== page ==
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Keratoconus – What You Need To Know

Keratoconus is a progressive eye disease in which the normally round cornea thins and begins to bulge into a cone-like shape. Symptoms and Signs of keratoconus can occur in one or both eyes and often begin during a person’s teens or early 20s. A comprehensive eye examination combined with specialized instrumentation can diagnose keratoconus even in the earliest stages.

Normal vs Keratoconus

Normal vs Keratoconu

What Causes Keratoconus

New studies are showing that the corneal tissue weakens due to an imbalance of enzymes within the cornea. This imbalance makes the cornea more susceptible to oxidative damage from free radicals causing it to weaken and bulge forward. There might be a genetic predisposition to keratoconus as it often affects more than one family member.

Keratoconus has also been associated with overexposure to ultraviolet rays from the sun, excessive eye rubbing, a history of poorly fitted contact lenses.

Keratoconus Treatment

In the early stages of keratoconus, glasses or soft contact lenses may help. But as the disease progresses and the cornea thins and becomes more irregular, glasses and regular soft contact lenses no longer provide good quality vision.

Treatment options typically fall into two broad categories, specialty contact lenses and surgery. At Abbey Eye Care we specialize in fitting all different types of specialty contact lenses to optimize your vision and improve your quality of life. We also partner with several surgical centres in the GTA to co-manage and direct patients towards the most appropriate surgical option when appropriate.


Keratoconus Treatment Options

Keratoconus Treatment Options


Gas permeable or RGP contact lenses. These lenses are made of a rigid plastic material that enables the lens to ‘vault’ over the cornea, replacing it’s irregular shape with a smooth, uniform refracting surface to enhance vision. RGP lenses typically are less comfortable than soft contacts. In addition, fitting RPG lenses over a keratoconic cornea can be difficult and require frequent visits to your Optometrist to fine tune the fit.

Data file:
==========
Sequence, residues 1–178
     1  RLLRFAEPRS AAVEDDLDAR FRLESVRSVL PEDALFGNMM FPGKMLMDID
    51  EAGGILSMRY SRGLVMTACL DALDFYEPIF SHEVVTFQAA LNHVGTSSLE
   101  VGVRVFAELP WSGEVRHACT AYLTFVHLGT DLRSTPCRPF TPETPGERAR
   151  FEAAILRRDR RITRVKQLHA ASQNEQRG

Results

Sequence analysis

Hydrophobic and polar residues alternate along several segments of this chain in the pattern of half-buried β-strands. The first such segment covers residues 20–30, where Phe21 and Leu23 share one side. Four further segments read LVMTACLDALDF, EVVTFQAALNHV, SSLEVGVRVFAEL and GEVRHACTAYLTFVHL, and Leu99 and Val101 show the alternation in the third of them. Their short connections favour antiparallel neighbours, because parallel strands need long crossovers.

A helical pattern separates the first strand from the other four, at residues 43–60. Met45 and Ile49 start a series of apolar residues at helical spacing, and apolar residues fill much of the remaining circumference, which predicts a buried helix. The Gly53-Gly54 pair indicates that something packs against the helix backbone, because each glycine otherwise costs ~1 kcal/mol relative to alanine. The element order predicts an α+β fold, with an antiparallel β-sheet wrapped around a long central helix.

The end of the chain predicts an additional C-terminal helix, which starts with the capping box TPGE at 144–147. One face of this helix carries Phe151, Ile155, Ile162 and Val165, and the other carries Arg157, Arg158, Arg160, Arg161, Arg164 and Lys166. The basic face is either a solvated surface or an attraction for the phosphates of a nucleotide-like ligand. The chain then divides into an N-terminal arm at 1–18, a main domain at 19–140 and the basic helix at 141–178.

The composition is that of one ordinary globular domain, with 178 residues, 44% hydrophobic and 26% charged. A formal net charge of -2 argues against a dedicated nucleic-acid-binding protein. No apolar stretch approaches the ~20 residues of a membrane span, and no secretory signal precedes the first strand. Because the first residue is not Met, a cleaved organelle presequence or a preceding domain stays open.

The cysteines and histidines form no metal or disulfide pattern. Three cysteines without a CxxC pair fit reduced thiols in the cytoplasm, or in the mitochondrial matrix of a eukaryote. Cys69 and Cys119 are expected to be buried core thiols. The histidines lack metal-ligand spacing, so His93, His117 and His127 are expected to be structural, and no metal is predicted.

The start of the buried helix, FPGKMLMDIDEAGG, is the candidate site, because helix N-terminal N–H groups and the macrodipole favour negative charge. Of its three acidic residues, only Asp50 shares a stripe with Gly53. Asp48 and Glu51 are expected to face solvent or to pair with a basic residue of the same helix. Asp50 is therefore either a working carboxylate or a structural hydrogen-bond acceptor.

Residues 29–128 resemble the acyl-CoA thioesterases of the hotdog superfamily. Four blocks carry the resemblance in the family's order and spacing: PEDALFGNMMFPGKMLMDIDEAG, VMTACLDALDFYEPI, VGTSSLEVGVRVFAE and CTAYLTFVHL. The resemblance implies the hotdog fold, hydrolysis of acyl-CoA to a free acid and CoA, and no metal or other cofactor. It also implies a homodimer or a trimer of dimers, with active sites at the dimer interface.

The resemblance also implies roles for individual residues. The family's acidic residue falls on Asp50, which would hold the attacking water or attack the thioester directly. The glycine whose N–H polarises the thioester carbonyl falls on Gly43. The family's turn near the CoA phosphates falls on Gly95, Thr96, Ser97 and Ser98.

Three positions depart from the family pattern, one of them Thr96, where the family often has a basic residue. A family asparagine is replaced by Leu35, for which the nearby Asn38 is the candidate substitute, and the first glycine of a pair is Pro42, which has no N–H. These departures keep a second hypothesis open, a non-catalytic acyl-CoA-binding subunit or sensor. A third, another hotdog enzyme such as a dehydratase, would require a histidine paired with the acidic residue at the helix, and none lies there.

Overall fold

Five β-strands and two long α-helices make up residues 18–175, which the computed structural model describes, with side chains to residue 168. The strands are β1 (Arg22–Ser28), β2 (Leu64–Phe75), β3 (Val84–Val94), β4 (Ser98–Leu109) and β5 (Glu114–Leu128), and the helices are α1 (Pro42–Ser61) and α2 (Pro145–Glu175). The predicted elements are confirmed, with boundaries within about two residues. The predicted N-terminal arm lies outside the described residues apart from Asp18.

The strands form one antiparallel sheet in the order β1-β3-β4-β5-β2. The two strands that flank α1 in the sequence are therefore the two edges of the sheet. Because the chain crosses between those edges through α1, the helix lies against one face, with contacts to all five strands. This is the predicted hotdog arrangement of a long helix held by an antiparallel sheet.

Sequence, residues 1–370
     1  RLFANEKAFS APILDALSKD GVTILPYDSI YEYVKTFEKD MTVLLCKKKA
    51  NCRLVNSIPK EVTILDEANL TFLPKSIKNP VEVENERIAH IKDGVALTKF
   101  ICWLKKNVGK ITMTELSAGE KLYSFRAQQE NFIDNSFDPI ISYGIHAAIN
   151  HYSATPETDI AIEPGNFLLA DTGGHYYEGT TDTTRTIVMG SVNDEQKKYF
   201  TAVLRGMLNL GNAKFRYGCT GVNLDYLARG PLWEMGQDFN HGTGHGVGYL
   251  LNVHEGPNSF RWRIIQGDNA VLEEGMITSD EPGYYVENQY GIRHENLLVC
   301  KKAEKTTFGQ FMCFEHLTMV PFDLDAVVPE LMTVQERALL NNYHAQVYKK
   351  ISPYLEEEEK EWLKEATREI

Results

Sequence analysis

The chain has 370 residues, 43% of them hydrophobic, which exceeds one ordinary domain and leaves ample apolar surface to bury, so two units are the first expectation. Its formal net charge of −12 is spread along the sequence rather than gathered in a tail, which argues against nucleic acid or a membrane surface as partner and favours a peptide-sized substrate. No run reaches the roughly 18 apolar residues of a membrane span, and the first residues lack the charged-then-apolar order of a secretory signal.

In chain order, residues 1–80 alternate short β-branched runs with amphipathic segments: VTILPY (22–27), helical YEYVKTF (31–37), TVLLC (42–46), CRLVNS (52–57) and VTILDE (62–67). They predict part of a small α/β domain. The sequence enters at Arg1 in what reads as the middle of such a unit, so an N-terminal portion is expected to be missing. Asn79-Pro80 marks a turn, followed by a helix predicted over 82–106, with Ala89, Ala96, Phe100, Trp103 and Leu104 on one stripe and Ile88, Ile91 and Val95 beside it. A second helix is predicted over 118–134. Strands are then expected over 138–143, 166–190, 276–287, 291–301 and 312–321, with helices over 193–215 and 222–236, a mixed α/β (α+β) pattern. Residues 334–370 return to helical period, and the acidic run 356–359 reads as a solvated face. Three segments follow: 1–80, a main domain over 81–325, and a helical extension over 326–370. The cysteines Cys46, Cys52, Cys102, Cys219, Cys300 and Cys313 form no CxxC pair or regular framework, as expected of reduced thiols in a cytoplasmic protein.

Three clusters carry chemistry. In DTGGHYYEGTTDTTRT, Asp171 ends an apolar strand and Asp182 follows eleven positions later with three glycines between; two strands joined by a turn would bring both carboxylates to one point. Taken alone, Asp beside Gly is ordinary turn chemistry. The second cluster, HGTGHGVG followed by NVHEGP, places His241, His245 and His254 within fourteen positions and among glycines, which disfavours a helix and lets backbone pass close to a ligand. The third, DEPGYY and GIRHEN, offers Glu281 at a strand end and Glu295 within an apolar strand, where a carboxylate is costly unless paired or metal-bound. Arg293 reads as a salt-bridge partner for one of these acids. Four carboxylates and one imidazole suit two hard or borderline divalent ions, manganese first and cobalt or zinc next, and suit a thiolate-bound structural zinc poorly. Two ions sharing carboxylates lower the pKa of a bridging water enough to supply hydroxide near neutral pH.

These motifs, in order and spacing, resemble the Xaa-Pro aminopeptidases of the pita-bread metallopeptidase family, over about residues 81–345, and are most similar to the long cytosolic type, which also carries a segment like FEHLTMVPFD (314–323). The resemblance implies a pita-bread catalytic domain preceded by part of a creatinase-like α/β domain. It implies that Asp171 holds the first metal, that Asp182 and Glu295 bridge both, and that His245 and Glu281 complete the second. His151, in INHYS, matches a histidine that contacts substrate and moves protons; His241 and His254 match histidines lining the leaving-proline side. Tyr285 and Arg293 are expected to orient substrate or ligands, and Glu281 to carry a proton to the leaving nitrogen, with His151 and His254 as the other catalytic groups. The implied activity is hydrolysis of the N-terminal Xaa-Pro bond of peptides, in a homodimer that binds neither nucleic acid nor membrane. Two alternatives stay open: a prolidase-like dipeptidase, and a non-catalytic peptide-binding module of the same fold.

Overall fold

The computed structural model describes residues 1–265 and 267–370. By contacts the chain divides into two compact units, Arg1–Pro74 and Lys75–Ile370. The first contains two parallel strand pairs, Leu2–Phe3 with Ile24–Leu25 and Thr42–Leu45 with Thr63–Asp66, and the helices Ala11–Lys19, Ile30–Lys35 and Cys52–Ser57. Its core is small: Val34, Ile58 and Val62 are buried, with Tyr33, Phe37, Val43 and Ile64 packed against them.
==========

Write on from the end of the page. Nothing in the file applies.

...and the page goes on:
Hybrid contact lenses. The Ultrahealth contact lens manufactured by SynerEyes combines the optics or vision of a hard RGP contact lens with the comfort of a soft contact lens. The centre of the lens is comprised of a hard RGP lens, surrounded by a soft ‘skirt’. Comfort and vision with this lens tends to be very good.

Scleral Lenses. These are large diameter hard RGP lenses, typically 40% larger than a standard hard RGP lens. They are large enough so that they land or sit on the white part of the eye and do not touch the cornea whatsoever. Despite the large size of these lenses they tend to be very comfortable to wear as they do not rub the sensitive cornea. Insertion and removal can be a challenge with this lens but with proper instruction and technique that can easily be overcome.

Custom Soft Lenses. The Kerasoft IC contact lens from Ultravision is a revolutionary soft lens design for irregular corneas. Complex geometrics and mathematics create a lens that offers good comfort and vision for patients with keratoconus.

Surgical Options

Corneal Collagen Crosslinking (CXL): This procedure strengthens the corneal tissue to halt the bulging of the cornea. The cornea is bathed in riboflavin, a type of B vitamin, and then activated with UV light. The goal of CXL is to slow down or stop the progression of keratoconus and in some cases actually improves overall vision as well. The Ontario government (OHIP) is reviewing whether or not to make this procedure a covered service.

Intacs. These are surgically implanted plastic inserts placed just under the surface of the eye to help reshape the cornea and provide clearer vision. The implants also have the advantage of being removable and exchangeable. The procedure takes only about 10 minutes. OHIP at present does not cover this service.

Corneal Topography

Corneal Topography

At Abbey Eye Care we have the expertise, specialized equipment, and experience to manage your keratoconus. Our goal is to provide you with the best possible comfort and vision if you choose to be fitted with contacts or to work with you and your surgeon if you desire a surgical treatment option.


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Abbey Eye Care

Abbey Eye Care

2501 Third Line, Oakville, ON L6M 5A9, Canada